Survey: 39% of US employees not confident they know how to use AI responsibly

Survey: 39% of US employees not confident they know how to use AI responsibly
10 / 05 / 2024
By Marwa Nassar - -

A recent survey unveiled that 39% of US employees are not confident that they know how to use AI responsibly, while 85% of workers believe AI has made cybersecurity attacks more sophisticated, and 78% are concerned about the use of AI in cyber attacks.

The 2024 Human Risk in Cybersecurity Survey is a study of 1,000 employed Americans across public and private sectors that follows the initial 2022 analysis by EY US and explores the current state of cybersecurity and changes over time, revealing key insights for business leaders on cybersecurity awareness and practices. This year, EY US expanded the study to analyze employee perception of the role of artificial intelligence (AI) in escalating threats.

“With new threats emerging on a near-constant basis fueled by geopolitical tensions, shifting regulations and the rapid integration of new technologies, including AI, the risk landscape has become even more complicated,” said Jim Guinn, II, EY Americas Cybersecurity Leader. “Want to secure your organization today and in the future? Put humans at the center of your cyber strategy and enlist your people as protectors on the frontlines, arming them with knowledge, training and a dose of healthy skepticism about all digital interactions.”

Similar to the 2022 findings, the latest EY US cybersecurity study highlights a persistent gap in preparedness across generations, with younger workers continuing to fall short of exercising safe cybersecurity practices more so than older generations. In fact, Gen Z is losing confidence in their ability to recognize phishing attempts — one of the most common and successful tactics of social engineering attacks — and is most likely to admit to opening a suspicious link. And now, with the power of AI-generated phishing emails, spotting malicious links and content is getting even harder. Although they are a digital-first generation, only 31% of Gen Z feel very confident identifying phishing attempts, marking an alarming nine percentage point drop from 40% in 2022, and 72% said they have opened an unfamiliar link that seemed suspicious at work, far higher than Millennials (51%), Gen X (36%) and Baby Boomers (26%).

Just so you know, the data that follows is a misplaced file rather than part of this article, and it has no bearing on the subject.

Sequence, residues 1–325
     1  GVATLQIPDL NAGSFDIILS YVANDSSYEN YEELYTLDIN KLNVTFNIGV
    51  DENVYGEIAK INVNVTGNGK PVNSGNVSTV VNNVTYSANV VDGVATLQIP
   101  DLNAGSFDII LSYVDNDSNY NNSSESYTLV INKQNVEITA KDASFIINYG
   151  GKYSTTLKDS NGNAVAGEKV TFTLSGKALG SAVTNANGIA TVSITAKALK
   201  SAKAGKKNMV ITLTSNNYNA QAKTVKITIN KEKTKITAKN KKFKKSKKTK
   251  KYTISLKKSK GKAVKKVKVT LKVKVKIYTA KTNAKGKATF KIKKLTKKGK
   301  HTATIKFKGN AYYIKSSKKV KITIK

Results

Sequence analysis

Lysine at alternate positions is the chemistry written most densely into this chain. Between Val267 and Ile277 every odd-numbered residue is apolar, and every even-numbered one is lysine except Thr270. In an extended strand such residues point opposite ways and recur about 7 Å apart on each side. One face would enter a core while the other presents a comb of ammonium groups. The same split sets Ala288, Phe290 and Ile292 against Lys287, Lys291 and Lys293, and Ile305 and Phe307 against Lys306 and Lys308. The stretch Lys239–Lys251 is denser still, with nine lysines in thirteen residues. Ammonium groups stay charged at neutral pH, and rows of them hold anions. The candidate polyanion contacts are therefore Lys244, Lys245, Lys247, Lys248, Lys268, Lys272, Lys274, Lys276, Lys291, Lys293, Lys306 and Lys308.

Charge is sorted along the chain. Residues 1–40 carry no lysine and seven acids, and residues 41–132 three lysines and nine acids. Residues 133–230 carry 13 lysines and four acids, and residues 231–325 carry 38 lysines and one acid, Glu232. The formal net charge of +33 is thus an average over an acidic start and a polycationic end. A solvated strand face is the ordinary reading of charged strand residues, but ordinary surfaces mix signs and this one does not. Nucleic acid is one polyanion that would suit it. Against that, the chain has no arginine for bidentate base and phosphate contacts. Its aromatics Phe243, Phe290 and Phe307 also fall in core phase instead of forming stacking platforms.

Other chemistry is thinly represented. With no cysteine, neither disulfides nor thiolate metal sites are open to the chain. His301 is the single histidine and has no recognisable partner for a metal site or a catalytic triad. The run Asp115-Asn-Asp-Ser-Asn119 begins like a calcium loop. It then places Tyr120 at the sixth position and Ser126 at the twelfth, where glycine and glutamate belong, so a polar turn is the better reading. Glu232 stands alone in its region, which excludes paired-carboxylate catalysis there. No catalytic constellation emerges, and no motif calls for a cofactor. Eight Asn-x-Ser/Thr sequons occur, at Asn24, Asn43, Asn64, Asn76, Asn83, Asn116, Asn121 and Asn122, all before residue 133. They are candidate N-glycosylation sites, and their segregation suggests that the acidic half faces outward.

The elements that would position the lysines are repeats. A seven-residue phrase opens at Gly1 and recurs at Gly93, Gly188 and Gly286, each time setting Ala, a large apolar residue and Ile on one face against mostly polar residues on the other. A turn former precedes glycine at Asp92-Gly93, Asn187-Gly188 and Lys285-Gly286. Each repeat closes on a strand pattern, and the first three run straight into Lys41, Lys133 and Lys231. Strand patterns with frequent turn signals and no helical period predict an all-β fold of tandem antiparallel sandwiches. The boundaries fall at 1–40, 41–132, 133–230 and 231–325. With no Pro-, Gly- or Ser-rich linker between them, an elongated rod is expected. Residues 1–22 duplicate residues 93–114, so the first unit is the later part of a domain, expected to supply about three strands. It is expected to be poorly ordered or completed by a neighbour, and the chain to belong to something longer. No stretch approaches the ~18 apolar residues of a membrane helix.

Nearly two-in-three Gen Z and Millennial workers are particularly fearful about repercussions surrounding cybersecurity, including 64% of Gen Z and 58% of Millennials who fear they would lose their job if they ever left their organization vulnerable to an attack. Younger generations are also more likely to not fully understand what their organization’s process is to report suspected cyber attacks, even though their organization has a process in place (39% Gen Z and 29% Millennials vs. 19% Gen X and 15% Baby Boomers).

However, it’s not all doom and gloom. Despite concerns around their abilities to prevent an attack, EY research indicates that Gen Z workers increasingly consider themselves knowledgeable about cybersecurity (86% vs. 75% in 2022), pointing to opportunities to better equip younger workers to turn this knowledge into confidence by investing in upskilling and training that caters to their unique experience as true digital natives.

The rapidly evolving nature of AI has made it essential for organizations to adapt training protocols regularly and remain committed to providing frequent, up-to-date training that addresses the latest AI-driven threats and cybercrime trends.

A vast majority of employees (91%) say organizations should regularly update their training to keep pace with AI, especially as AI’s role evolves in cyber threats; but only 62% say their employer has made educating employees about responsible AI usage a priority.

“Cybersecurity training and attention from leaders across the C-suite contributes to the development of a strong security posture within an organization,” said Dan Mellen, EY Americas Consulting Cybersecurity Chief Technology Officer. “When security practices are ingrained in the company culture, employees are more likely to prioritize security in their day-to-day activities and proactively report potential security incidents.”

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